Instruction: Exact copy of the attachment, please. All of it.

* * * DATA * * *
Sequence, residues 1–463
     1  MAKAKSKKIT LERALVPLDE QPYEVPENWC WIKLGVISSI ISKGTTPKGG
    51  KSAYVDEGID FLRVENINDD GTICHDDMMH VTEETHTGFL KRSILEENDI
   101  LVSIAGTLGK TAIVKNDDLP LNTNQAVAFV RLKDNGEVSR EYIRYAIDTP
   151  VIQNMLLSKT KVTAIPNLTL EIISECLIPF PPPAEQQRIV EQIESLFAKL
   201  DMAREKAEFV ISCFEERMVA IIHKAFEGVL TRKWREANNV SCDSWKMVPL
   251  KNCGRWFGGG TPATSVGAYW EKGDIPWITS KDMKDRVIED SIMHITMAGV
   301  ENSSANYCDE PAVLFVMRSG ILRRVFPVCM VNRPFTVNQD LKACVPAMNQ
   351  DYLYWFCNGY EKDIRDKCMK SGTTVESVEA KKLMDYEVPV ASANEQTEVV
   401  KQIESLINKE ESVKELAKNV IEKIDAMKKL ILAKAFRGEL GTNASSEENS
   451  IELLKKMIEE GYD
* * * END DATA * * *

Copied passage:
Sequence, residues 1–463
     1  MAKAKSKKIT LERALVPLDE QPYEVPENWC WIKLGVISSI ISKGTTPKGG
    51  KSAYVDEGID FLRVENINDD GTICHDDMMH VTEETHTGFL KRSILEENDI
   101  LVSIAGTLGK TAIVKNDDLP LNTNQAVAFV RLKDNGEVSR EYIRYAIDTP
   151  VIQNMLLSKT KVTAIPNLTL EIISECLIPF PPPAEQQRIV EQIESLFAKL
   201  DMAREKAEFV ISCFEERMVA IIHKAFEGVL TRKWREANNV SCDSWKMVPL
   251  KNCGRWFGGG TPATSVGAYW EKGDIPWITS KDMKDRVIED SIMHITMAGV
   301  ENSSANYCDE PAVLFVMRSG ILRRVFPVCM VNRPFTVNQD LKACVPAMNQ
   351  DYLYWFCNGY EKDIRDKCMK SGTTVESVEA KKLMDYEVPV ASANEQTEVV
   401  KQIESLINKE ESVKELAKNV IEKIDAMKKL ILAKAFRGEL GTNASSEENS
   451  IELLKKMIEE GYD